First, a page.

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Search Results: 1 - 10 of 401394 matches for " M. Ravaioli "
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Modelling approach to the assessment of biogenic fluxes at a selected Ross Sea site, Antarctica
M. Vichi,A. Coluccelli,M. Ravaioli,F. Giglio
Ocean Science Discussions (OSD) , 2009,
Abstract: Several biogeochemical data have been collected in the last 10 years of Italian activity in Antarctica (ABIOCLEAR, ROSSMIZE, BIOSESO-I/II). A comprehensive 1-D biogeochemical model was implemented as a tool to link observations with processes and to investigate the mechanisms that regulate the flux of biogenic material through the water column. The model is ideally located at station B (175° E–74° S) and was set up to reproduce the seasonal cycle of phytoplankton and organic matter fluxes as forced by the dominant water column physics over the period 1990–2001. Austral spring-summer bloom conditions are assessed by comparing simulated nutrient drawdown, primary production rates, bacterial respiration and biomass with the available observations. The simulated biogenic fluxes of carbon, nitrogen and silica have been compared with the fluxes derived from sediment traps data. The model reproduces the observed magnitude of the biogenic fluxes, especially those found in the bottom sediment trap, but the peaks are markedly delayed in time. Sensitivity experiments have shown that the characterization of detritus, the choice of the sinking velocity and the degradation rates are crucial for the timing and magnitude of the vertical fluxes. An increase of velocity leads to a shift towards observation but also to an overestimation of the deposition flux which can be counteracted by higher bacterial remineralization rates. Model results suggest that the timing of the observed fluxes depends first and foremost on the timing of surface production and on a combination of size-distribution and quality of the autochtonous biogenic material. It is hypothesized that the bottom sediment trap collects material originated from the rapid sinking of freshly-produced particles and also from the previous year's production period.
Study of Warm Electron Injection in Double Gate SONOS by Full Band Monte Carlo Simulation
G. Giusi,G. Iannaccone,M. Mohamed,U. Ravaioli
Physics , 2008, DOI: 10.1109/LED.2008.2004784
Abstract: In this paper we investigate warm electron injection in a double gate SONOS memory by means of 2D full-band Monte Carlo simulations of the Boltzmann Transport Equation (BTE). Electrons are accelerated in the channel by a drain-to-source voltage VDS smaller than 3 V, so that programming occurs via electrons tunneling through a potential barrier whose height has been effectively reduced by the accumulated kinetic energy. Particle energy distribution at the semiconductor/oxide interface is studied for different bias conditions and different positions along the channel. The gate current is calculated with a continuum-based post-processing method as a function of the particle distribution obtained from Monte Carlo. Simulation results show that the gate current increases by several orders of magnitude with increasing drain bias and warm electron injection can be an interesting option for programming when short channel effects prohibit the application of larger drain bias.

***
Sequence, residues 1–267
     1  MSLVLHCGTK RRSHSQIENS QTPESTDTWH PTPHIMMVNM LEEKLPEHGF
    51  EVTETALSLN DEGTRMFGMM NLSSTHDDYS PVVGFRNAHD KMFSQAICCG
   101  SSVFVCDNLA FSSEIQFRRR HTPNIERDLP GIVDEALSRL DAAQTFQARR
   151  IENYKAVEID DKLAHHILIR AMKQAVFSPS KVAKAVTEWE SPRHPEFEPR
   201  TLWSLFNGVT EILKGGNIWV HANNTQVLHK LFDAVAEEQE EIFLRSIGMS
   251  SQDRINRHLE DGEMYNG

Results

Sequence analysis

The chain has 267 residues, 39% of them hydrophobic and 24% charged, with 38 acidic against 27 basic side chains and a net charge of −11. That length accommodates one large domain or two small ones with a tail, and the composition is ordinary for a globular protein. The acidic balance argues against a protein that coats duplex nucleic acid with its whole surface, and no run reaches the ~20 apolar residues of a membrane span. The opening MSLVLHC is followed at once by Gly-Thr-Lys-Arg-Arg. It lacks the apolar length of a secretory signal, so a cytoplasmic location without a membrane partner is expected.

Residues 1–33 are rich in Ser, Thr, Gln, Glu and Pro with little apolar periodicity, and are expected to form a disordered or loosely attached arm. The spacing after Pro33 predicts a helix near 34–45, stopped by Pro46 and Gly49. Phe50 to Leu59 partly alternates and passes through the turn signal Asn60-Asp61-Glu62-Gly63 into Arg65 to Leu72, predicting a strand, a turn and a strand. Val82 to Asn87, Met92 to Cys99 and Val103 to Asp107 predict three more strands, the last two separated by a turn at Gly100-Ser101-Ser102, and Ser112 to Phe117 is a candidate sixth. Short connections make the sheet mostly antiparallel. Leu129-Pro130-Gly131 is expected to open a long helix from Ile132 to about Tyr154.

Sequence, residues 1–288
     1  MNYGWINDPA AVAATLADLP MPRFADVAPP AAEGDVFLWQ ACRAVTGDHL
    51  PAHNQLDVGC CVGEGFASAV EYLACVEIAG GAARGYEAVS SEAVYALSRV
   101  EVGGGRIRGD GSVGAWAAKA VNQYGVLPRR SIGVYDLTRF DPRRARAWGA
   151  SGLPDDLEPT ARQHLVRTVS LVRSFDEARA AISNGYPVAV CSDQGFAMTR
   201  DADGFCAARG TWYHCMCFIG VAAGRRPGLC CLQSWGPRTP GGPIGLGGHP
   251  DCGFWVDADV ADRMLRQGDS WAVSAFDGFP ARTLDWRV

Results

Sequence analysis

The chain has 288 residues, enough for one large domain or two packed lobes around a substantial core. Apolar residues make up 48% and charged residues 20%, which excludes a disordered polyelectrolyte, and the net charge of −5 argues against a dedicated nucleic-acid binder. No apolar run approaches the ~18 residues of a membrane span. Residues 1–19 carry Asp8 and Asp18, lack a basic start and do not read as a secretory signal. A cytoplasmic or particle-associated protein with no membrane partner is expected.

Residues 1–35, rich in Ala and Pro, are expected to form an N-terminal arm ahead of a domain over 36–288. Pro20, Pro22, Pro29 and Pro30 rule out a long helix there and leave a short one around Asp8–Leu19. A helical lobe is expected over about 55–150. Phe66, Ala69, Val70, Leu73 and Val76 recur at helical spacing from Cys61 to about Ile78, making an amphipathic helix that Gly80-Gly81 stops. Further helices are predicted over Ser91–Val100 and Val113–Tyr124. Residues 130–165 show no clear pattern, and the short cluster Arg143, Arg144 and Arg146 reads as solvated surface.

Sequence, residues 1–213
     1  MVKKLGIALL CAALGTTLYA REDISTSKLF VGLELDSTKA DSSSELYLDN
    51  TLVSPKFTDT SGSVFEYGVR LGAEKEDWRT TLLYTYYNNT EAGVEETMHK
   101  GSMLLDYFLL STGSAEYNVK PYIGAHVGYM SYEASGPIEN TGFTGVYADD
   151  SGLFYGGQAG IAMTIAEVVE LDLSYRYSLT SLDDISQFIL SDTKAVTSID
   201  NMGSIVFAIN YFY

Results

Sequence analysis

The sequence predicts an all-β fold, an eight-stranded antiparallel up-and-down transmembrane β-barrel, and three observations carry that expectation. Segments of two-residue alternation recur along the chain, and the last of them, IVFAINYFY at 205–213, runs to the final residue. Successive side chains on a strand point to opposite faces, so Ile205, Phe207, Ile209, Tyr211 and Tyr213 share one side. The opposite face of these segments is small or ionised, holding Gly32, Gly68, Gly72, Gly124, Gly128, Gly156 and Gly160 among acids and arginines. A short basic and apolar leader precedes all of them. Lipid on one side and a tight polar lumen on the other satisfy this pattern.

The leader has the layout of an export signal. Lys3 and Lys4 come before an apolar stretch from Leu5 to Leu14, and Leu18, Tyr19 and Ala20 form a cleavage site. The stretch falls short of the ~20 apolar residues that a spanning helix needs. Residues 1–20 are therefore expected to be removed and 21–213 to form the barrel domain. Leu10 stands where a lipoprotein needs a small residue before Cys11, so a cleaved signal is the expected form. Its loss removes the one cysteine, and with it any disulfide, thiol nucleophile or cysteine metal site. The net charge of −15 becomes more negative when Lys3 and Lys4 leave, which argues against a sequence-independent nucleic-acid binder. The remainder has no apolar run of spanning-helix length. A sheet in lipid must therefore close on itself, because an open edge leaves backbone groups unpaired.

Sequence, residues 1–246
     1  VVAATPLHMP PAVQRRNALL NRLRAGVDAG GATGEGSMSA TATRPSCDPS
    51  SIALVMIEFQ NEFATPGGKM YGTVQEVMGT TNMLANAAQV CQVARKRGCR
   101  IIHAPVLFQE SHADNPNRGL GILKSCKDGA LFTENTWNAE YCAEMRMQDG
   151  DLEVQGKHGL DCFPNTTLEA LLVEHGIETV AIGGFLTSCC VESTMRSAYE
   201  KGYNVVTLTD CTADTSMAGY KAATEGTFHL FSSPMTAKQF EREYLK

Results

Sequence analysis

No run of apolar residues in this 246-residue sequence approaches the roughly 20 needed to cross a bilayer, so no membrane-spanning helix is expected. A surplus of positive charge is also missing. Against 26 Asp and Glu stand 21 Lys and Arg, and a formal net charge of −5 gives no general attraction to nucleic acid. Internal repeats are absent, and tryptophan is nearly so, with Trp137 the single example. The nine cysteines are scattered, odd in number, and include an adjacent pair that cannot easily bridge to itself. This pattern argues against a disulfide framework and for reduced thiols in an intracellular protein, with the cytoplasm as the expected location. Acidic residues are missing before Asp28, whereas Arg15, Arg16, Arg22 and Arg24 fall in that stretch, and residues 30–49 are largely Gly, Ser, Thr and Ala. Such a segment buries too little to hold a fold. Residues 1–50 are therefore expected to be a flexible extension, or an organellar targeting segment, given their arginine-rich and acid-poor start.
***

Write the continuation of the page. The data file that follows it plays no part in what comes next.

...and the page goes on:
Il Servizio Biblioteche della provincia di Ravenna
Licia Ravaioli
Conservation Science in Cultural Heritage : Historical Technical Journal , 2007,
Simulation of Biological Ionic Channels by Technology Computer-Aided Design
K. Hess,U. Ravaioli,M. Gupta,N. Aluru,van der Straaten,R. S. Eisenberg
VLSI Design , 2001, DOI: 10.1155/2001/25603
Abstract: This paper discusses the use of established Technology Computer-Aided Design (TCAD) tools and methodologies for the study of charge transport in molecular biology systems, like ionic channels, that display a behavior analogous to electronic devices. Continuum drift-diffusion and Monte Carlo methods can be applied to analyze steady-state and transient behavior of ionic channels over time scales that cannot be resolved practically by detailed molecular dynamics or quantum approaches. The difficult ion-water interaction can be lumped phenomenologically into mobility or scattering rate parameters, while the solution of Poisson equation over the complete domain provides a simple way to include external boundary conditions and image force effects at dielectric discontinuities. We present here some recent results of 3-D simulations for a gramicidin ion channel, obtained using the rapid prototyping computational platform PROPHET.
Three-dimensional Spectral Solution of Schr?dinger Equation
A. Trellakis,U. Ravaioli
VLSI Design , 2001, DOI: 10.1155/2001/76808
Abstract: We present a fast and robust method for the full-band solution of Schrödinger's equation on a grid, with the goal of achieving a more complete description of high energy states and realistic temperatures. Using Fast Fourier Transforms, Schrödinger's equation in the one band approximation can be expressed as an iterative eigenvalue problem for arbitrary shapes of the conduction band. The resulting eigenvalue problem can then be solved using Krylov subspace methods as Arnoldi iteration. We demonstrate the algorithm by presenting an example concerning non-parabolic effects in an ultra-small Metal-Oxide-Semiconductor quantum cavity at room-temperature. For this structure, we show that the non-parabolicity of the conduction band results in a significant lowering of high-energy electronic states.